I have been working my way through the submissions for almost three weeks now, after being alerted to them by Jon Altman of the Centre for Aboriginal Economic Policy Research (CAEPR). I’m still not finished reading. It is a lot to digest. Many points are made repeatedly by the various individuals and organizations who have contributed, and the fine and important distinctions can be easily lost in what seems like a flood of information. I hope that all of us to whom the health and success of the indigenous arts endeavor matter will take the time to read and consider each of the submissions. As an inducement, allow me to highlight a few that strike me as being the most eloquent, direct, and worthy of influencing the politicians in Canberra.
Perhaps the best place to start reading is the submission from Paul Sweeney on behalf of Papunya Tula. It has many virtues, beginning with its lucid prose style: facts are presented clearly and cogently to tell a story of remarkable achievement on the part of the cooperative and to provide an incisive examination of the state of the indigenous fine arts industry. Unlike some of the other essays that have been submitted to the Committee, Sweeney’s submission avoids emotionally charged pleas and ad hominemarguments, and yet manages to be one of the most powerful and affecting statements in the lot.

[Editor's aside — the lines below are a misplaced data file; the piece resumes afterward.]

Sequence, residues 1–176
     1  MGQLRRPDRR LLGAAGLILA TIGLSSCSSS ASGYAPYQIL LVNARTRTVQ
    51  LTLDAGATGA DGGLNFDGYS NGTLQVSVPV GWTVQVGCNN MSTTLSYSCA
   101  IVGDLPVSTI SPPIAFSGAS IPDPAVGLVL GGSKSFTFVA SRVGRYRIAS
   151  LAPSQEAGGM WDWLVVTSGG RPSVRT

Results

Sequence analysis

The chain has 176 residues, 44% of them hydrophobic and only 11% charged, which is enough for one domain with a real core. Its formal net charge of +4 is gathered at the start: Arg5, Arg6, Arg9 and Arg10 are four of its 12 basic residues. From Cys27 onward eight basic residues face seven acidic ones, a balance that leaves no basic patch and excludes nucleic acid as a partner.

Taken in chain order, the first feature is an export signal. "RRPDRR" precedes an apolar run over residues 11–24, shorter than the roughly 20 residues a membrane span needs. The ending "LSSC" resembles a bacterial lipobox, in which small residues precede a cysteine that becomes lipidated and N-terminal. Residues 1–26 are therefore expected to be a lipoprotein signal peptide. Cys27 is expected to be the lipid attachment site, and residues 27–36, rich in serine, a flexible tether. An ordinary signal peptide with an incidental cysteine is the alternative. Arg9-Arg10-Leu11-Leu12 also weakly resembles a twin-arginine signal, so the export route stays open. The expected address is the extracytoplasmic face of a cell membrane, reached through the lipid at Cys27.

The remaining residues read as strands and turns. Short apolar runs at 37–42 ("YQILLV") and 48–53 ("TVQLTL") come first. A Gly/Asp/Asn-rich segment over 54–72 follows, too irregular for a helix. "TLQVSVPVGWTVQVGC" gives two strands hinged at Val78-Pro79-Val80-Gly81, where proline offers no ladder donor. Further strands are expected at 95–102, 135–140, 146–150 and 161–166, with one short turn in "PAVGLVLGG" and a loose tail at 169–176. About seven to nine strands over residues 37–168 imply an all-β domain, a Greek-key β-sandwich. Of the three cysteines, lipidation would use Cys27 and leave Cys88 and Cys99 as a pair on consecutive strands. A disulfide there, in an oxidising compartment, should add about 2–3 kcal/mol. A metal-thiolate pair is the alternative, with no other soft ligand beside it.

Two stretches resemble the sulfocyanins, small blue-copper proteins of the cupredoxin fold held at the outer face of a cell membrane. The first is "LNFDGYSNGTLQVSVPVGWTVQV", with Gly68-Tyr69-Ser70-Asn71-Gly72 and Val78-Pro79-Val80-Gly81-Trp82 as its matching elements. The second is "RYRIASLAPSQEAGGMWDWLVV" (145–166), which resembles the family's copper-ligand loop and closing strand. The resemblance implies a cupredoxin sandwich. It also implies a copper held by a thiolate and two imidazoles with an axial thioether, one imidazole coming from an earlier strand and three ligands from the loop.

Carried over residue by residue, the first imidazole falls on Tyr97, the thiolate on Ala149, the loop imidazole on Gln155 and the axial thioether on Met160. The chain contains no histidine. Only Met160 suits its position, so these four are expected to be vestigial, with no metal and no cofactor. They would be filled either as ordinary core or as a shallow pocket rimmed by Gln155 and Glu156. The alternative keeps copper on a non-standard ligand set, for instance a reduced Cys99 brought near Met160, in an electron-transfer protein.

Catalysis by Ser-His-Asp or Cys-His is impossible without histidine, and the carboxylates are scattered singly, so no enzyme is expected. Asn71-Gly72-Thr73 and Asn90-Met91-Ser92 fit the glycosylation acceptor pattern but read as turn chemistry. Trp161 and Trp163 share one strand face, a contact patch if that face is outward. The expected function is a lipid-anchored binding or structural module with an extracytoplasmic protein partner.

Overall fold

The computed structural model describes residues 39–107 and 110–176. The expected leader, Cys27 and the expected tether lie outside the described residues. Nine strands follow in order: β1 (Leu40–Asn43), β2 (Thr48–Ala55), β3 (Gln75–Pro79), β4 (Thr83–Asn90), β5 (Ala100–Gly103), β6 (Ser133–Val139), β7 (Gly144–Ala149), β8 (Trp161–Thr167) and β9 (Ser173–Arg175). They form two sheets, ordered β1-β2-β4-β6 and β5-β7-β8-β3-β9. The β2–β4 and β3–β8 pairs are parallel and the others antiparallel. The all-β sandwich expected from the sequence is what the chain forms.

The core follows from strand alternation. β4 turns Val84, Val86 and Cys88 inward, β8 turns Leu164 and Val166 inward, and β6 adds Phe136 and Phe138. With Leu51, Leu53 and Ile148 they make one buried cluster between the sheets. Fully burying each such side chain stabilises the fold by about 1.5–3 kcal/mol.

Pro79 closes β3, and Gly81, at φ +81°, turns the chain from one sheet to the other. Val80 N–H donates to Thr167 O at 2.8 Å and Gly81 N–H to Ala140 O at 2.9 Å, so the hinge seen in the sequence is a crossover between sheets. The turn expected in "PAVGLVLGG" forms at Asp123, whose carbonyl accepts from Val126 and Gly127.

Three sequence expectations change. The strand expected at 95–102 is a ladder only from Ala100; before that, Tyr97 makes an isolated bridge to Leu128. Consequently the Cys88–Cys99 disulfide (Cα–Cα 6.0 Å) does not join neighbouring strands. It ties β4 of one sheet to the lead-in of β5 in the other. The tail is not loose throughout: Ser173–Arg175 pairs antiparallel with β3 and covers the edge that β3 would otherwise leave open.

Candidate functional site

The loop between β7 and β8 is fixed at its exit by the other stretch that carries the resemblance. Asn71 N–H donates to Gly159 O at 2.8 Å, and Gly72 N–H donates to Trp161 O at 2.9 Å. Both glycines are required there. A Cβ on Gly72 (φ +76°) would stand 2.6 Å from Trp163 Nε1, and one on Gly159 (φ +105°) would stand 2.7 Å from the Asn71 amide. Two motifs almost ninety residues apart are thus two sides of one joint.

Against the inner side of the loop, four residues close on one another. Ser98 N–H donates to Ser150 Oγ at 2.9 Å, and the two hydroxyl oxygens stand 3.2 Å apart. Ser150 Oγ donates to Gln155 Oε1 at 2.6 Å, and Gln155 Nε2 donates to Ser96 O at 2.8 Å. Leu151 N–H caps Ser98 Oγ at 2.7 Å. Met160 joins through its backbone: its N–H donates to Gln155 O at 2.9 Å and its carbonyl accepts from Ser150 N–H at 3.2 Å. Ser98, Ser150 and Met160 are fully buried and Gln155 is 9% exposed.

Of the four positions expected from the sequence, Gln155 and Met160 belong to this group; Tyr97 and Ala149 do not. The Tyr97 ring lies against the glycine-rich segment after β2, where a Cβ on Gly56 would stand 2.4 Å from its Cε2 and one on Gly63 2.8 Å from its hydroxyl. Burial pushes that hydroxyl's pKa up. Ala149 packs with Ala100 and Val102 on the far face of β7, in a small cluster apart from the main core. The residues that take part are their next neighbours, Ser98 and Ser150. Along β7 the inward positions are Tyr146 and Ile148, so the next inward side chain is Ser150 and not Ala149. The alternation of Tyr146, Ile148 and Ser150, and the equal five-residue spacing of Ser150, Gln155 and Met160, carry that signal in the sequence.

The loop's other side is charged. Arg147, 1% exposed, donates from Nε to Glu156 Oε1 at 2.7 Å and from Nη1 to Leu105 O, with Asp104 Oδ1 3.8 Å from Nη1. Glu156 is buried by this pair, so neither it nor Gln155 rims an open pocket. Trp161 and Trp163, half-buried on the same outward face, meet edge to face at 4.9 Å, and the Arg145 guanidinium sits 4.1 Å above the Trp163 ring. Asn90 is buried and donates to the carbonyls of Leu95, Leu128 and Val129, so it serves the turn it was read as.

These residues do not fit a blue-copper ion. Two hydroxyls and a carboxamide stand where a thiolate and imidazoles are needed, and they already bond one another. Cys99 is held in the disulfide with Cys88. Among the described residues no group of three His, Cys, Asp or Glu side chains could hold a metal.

Asked to comment on the economic, social and cultural benefits of the sector, Sweeney chronicles the benefits that Papunya Tula has brought to the communities of Kintore and Kiwirrkura: the establishment of the remote renal dialysis unit; the continuing contributions to its operating costs; the building of the swimming pool at Kintore; and support for community activities ranging from sorry business to sports carnivals. On the issue of carpetbaggers, Sweeney pulls no punches as he outlines the human costs to the artists and their families, the cultural costs of displacing individuals from their communities, and the economic costs of trading short-term profits for long-term development of the industry and the personal development of the younger generation who will sustain both the culture and the commercial activity that is generated from it.